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Benjamin Farnia, K. Ranh Voong, Paul D. Brown, Pamela K. Allen, Nandita Guha-Thakurta, Sujit S. Prabhu, Ganesh Rao, Qianghu Wang, Zhongxiang Zhao and Anita Mahajan

Object

The authors' institution previously reported a 69% rate of crude local control for surgical management of lateral ventricle metastases at the University of Texas MD Anderson Cancer Center. For comparison, the authors here report their institutional experience with use of stereotactic radiosurgery (SRS) to treat intraventricular metastases.

Methods

To identify patients with intraventricular metastases for this retrospective review, the authors queried an institutional SRS database containing the medical records of 1962 patients with 5800 brain metastases who consecutively underwent SRS from June 2009 through October 2013. End points assessed were local control (crude and locoregional), distant failure–free survival, progression-free survival, and overall survival.

Results

Of the 1962 records examined, those for 25 (1.3%) patients with 30 (0.52%) intraventricular metastases were identified. Median patient age at SRS was 55.8 years. The most common primary malignancy was renal cell carcinoma (n = 13), followed by melanoma (n = 7) and breast adenocarcinoma (n = 5). Median tumor volume was 0.75 cm3 (range 0.01–5.6 cm3). Most lesions were located in the lateral ventricles (n = 25, 83.3%) and were treated to a median dose of 20 Gy (range 14–20 Gy). A total of 12 (48%) patients received whole-brain radiation therapy, most (n = 10) before SRS. With a median follow-up of 11.4 months (range 1.6–39.2 months), the rate of crude local control was 93.3%, and the rates of 6-month and 1-year actuarial locoregional control were 85.2% and 56.2%, respectively. The median overall survival time after SRS was 11.6 months (range 1.3–38.9 months), and the 6-month and 1-year actuarial rates were 87.1% and 46.7%, respectively. Disease dissemination developed in 7 (28%) patients as a second intraventricular metastatic lesion (n = 3, 12%), leptomeningeal disease (n = 3, 12%), or both (n = 1, 4%). Radiographic changes developed in 5 (20%) patients and included necrosis (n = 2, 8%) and hemorrhage (n = 3, 12%). A primary diagnosis of renal cell carcinoma was associated with an improved rate of distant failure–free survival (p = 0.05) and progression-free survival (p = 0.08).

Conclusions

SRS provides excellent local control for intraventricular metastases, with acceptable treatment-related toxicity, thereby supporting nonsurgical treatment for these lesions. The propensity for intraventricular dissemination among intraventricular metastases seems to be histologically dependent.

Free access

Anna Likhacheva, Chelsea C. Pinnix, Neil Parikh, Pamela K. Allen, Nandita Guha-Thakurta, Mary McAleer, Erik P. Sulman, Anita Mahajan, Almon Shiu, Dershan Luo, Max Chiu, Paul D. Brown, Sujit S. Prabhu and Eric L. Chang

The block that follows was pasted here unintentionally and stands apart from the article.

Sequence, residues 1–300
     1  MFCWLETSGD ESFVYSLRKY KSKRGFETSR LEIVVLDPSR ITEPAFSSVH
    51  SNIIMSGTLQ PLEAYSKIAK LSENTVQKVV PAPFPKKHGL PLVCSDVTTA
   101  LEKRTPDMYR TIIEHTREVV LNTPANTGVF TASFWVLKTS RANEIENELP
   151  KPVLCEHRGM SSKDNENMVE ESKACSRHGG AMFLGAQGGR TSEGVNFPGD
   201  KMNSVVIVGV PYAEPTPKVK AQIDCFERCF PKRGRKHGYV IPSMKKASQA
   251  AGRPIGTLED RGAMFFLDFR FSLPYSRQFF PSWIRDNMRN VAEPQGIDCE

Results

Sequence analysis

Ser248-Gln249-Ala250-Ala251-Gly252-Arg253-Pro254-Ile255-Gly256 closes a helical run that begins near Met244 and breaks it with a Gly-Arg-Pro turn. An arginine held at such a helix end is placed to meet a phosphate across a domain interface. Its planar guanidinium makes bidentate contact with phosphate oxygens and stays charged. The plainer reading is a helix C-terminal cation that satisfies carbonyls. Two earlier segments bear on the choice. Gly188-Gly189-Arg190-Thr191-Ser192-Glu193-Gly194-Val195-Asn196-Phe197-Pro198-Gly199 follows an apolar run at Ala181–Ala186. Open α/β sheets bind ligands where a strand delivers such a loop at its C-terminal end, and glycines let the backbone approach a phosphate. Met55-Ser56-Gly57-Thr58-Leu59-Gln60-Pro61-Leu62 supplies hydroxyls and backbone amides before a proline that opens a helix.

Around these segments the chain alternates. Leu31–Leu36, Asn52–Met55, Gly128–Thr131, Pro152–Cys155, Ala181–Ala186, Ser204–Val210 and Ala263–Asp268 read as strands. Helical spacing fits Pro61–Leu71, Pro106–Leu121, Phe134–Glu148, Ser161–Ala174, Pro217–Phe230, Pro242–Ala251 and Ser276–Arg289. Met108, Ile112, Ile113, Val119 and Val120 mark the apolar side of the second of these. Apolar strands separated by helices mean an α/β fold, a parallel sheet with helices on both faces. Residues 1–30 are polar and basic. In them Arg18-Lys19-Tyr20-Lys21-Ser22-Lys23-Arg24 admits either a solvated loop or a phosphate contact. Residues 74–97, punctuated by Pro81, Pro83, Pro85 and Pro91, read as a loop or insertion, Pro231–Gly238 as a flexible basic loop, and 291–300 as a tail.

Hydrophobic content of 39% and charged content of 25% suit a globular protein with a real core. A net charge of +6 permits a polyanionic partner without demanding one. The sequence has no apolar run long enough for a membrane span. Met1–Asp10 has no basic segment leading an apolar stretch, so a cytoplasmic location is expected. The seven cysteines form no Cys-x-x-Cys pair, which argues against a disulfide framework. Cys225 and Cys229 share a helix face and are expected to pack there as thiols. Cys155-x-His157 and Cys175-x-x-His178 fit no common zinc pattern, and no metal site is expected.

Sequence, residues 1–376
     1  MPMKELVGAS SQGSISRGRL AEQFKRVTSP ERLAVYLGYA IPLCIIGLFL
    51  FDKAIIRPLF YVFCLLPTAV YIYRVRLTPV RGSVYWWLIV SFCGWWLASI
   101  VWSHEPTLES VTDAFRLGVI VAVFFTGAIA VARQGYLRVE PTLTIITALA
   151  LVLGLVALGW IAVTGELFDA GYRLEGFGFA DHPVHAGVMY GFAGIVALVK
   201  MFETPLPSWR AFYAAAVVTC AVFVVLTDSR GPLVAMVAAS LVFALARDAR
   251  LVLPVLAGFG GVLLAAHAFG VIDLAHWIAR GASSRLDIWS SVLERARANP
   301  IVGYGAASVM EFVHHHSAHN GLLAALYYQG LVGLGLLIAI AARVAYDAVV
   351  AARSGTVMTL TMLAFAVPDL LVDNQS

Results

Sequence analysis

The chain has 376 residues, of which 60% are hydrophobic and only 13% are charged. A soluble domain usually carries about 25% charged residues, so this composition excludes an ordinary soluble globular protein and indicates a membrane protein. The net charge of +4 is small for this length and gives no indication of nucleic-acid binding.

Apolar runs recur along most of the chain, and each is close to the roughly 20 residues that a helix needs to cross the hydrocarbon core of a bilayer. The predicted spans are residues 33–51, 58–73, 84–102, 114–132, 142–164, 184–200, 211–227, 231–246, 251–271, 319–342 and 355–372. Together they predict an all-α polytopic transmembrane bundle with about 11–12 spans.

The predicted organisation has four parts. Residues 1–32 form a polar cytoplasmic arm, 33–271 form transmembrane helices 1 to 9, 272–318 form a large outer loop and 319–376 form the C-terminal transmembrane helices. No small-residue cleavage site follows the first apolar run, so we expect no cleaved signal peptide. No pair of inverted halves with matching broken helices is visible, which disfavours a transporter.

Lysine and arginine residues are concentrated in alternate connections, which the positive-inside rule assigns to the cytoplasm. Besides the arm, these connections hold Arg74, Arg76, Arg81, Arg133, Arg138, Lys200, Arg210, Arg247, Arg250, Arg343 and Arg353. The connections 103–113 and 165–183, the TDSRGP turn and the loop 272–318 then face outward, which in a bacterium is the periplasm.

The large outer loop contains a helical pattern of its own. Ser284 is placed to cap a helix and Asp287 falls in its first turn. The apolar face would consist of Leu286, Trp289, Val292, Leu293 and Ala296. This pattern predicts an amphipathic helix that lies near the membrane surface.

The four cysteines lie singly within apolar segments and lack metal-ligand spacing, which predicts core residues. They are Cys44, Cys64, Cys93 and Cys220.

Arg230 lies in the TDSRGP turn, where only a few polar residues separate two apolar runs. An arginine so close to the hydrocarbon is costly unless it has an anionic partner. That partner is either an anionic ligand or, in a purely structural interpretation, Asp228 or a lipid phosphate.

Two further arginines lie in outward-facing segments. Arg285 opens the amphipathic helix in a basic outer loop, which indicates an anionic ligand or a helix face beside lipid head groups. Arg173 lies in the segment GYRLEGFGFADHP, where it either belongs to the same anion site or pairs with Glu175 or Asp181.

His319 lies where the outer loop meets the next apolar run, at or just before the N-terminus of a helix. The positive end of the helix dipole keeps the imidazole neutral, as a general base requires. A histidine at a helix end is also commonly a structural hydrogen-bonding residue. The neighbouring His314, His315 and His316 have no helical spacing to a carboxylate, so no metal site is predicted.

Object

Brain metastases present a therapeutic challenge because patients with metastatic cancers live longer now than in the recent past due to systemic therapies that, while effective, may not penetrate the blood-brain barrier. In the present study the authors sought to validate the Diagnosis-Specific Graded Prognostic Assessment (DS-GPA), a new prognostic index that takes into account the histological characteristics of the primary tumor, and the Radiation Therapy Ontology Group Recursive Partitioning Analysis (RPA) system by using a single-institution database of patients who were treated initially with stereotactic radiosurgery (SRS) alone for brain metastases.

Methods

Investigators retrospectively identified adult patients who had undergone SRS at a single institution, MD Anderson Cancer Center, for initial treatment of brain metastases between 2003 and 2010 but excluded those who had undergone craniotomy and/or whole-brain radiation therapy at an earlier time; the final number was 251. The Leksell Gamma Knife was used to treat 223 patients, and a linear accelerator was used to treat 28 patients. The patient population was grouped according to DS-GPA scores as follows: 0–0.5 (7 patients), 1 (33 patients), 1.5 (25 patients), 2 (63 patients), 2.5 (14 patients), 3 (68 patients), and 3.5–4 (41 patients). The same patients were also grouped according to RPA classes: 1 (24 patients), 2 (216 patients), and 3 (11 patients). The most common histological diagnoses were non–small cell lung cancer (34%), melanoma (29%), and breast carcinoma (16%). The median number of lesions was 2 (range 1–9) and the median total tumor volume was 0.9 cm3 (range 0.3–22.9 cm3). The median radiation dose was 20 Gy (range 14–24 Gy). Stereotactic radiosurgery was performed as the sole treatment (62% of patients) or combined with a salvage treatment consisting of SRS (22%), whole-brain radiation therapy (12%), or resection (4%). The median duration of follow-up was 9.4 months.